Furthermore, countries like Mali, Burkina Faso, CAR are making aren’t just undergoing political transitions, they are making profound geopolitical reconfigurations. They do not view themselves as allies of the United States and are not major beneficiaries of AGOA. Gabon, for instance, has a significant trade deficit with the United States of US$87 million in 2022, with the majority of Gabon’s exports to the US being commodities comprised mainly of manganese ore, and refined petroleum. In turn, US exports consisted of poultry meat and excavation machinery. Similarly, Guinea exported $8.49million worth of goods to the US while the US exported US$134 million to Guinea. It therefore comes as no surprise that these countries, and others such as Mali – having been delisted over a year ago – has not made any reported effort to be reenlisted. if anything, the Junta in Bamako has pressed on with power consolidation, and with enhancing bilateral relations with Russia.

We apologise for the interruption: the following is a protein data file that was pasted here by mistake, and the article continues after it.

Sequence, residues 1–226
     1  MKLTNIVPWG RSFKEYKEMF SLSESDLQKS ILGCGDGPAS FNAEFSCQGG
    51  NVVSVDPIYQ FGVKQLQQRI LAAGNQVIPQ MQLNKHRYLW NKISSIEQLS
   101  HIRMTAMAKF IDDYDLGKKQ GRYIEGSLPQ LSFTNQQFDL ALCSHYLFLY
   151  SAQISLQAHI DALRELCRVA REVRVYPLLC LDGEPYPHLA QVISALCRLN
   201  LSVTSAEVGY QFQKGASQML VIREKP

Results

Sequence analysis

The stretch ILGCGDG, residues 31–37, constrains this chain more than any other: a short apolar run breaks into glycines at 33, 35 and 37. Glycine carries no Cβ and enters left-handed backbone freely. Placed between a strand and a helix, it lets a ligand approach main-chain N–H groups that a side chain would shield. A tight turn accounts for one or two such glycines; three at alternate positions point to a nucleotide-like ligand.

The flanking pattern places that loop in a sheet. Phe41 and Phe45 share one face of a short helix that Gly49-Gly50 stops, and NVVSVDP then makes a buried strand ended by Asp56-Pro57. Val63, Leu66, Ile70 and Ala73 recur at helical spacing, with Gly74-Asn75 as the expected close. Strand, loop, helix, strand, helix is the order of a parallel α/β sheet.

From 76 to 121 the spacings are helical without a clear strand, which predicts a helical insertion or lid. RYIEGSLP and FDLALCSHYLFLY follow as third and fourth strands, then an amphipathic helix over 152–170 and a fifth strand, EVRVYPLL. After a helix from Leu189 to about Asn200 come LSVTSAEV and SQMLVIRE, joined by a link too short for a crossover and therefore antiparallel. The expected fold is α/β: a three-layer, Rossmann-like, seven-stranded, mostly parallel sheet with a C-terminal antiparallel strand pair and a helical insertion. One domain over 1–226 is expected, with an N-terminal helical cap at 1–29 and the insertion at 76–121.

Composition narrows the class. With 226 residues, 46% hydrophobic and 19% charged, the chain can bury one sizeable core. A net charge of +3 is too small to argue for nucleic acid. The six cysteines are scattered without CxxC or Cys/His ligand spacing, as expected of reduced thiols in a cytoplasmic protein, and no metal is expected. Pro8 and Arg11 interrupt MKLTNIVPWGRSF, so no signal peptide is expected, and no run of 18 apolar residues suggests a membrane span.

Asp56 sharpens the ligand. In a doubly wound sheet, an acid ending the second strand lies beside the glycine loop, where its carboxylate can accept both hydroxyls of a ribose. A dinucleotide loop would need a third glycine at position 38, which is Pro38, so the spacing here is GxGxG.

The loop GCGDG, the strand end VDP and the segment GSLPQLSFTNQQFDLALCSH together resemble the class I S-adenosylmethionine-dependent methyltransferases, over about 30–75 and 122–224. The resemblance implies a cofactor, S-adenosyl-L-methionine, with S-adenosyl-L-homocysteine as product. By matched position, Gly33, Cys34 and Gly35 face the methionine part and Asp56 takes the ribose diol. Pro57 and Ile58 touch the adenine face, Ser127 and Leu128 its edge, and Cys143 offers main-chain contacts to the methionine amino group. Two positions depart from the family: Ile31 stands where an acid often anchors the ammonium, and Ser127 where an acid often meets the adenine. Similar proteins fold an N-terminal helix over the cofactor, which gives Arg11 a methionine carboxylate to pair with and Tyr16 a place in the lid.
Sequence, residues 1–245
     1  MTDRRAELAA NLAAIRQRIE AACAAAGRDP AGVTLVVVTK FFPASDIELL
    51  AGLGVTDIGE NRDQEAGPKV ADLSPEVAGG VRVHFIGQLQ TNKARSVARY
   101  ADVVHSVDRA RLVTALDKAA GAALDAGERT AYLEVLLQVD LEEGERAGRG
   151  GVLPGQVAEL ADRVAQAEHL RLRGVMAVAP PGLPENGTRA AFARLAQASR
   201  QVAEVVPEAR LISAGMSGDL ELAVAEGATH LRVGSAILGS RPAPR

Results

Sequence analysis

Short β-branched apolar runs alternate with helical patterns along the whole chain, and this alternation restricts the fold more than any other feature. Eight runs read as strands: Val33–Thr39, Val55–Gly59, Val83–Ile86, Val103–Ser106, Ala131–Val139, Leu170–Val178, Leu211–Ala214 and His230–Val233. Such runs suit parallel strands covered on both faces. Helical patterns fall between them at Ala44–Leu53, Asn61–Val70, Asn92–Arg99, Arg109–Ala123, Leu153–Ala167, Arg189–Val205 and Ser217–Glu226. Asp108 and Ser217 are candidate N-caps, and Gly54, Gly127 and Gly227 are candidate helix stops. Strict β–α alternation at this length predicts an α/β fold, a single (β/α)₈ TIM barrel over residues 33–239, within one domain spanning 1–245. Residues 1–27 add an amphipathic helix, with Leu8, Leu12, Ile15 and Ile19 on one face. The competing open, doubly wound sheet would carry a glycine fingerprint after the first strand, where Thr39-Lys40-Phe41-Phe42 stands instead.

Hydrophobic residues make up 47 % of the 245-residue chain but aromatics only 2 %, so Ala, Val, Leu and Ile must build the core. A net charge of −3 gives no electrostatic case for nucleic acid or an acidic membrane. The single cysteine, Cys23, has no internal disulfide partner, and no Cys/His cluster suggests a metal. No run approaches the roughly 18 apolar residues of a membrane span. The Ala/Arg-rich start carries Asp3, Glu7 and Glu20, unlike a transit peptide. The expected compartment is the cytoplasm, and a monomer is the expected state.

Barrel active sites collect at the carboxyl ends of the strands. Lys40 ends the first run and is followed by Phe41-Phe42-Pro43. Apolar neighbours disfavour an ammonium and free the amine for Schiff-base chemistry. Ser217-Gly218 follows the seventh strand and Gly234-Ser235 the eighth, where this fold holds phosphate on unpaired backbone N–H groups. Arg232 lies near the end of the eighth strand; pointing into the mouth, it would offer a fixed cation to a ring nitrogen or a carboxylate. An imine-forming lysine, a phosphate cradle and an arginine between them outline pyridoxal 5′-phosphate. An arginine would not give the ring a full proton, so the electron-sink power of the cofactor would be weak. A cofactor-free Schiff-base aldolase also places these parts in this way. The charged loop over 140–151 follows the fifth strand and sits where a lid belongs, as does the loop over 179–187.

US-Africa trade has declined as Africa’s trade with others soar

The fact is, while US exporters and private sector players have found new markets in the continent, data from Statista shows that US exports of trade goods to Africa has nearly tripled from $10.97 billion in 2000 to $30.69 billion in 2022, however, trade volumes in the opposite direction and under AGOA have never grown large enough to matter to many African countries. Too little effort has been put into making the carrot grow.

This will become an even stickier challenge for the US especially as the same goods are increasingly finding markets in other countries, including emerging economies such as China, perceived to be a US rival.